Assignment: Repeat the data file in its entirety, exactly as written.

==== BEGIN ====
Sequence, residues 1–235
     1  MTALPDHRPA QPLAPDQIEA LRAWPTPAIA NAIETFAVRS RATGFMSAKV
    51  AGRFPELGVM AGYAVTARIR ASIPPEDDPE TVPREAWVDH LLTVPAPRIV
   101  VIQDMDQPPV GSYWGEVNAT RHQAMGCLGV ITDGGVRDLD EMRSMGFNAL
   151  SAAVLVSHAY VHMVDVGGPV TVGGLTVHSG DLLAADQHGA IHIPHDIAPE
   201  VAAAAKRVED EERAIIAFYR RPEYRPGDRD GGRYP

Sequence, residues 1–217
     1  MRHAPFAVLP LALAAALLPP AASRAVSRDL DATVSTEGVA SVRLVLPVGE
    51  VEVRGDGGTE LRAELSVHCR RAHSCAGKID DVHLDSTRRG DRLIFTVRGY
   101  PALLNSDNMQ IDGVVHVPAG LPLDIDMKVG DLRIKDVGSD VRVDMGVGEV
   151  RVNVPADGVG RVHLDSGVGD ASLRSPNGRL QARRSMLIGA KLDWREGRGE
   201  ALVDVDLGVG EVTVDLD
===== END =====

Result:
Sequence, residues 1–235
     1  MTALPDHRPA QPLAPDQIEA LRAWPTPAIA NAIETFAVRS RATGFMSAKV
    51  AGRFPELGVM AGYAVTARIR ASIPPEDDPE TVPREAWVDH LLTVPAPRIV
   101  VIQDMDQPPV GSYWGEVNAT RHQAMGCLGV ITDGGVRDLD EMRSMGFNAL
   151  SAAVLVSHAY VHMVDVGGPV TVGGLTVHSG DLLAADQHGA IHIPHDIAPE
   201  VAAAAKRVED EERAIIAFYR RPEYRPGDRD GGRYP

Sequence, residues 1–217
     1  MRHAPFAVLP LALAAALLPP AASRAVSRDL DATVSTEGVA SVRLVLPVGE
    51  VEVRGDGGTE LRAELSVHCR RAHSCAGKID DVHLDSTRRG DRLIFTVRGY
   101  PALLNSDNMQ IDGVVHVPAG LPLDIDMKVG DLRIKDVGSD VRVDMGVGEV
   151  RVNVPADGVG RVHLDSGVGD ASLRSPNGRL QARRSMLIGA KLDWREGRGE
   201  ALVDVDLGVG EVTVDLD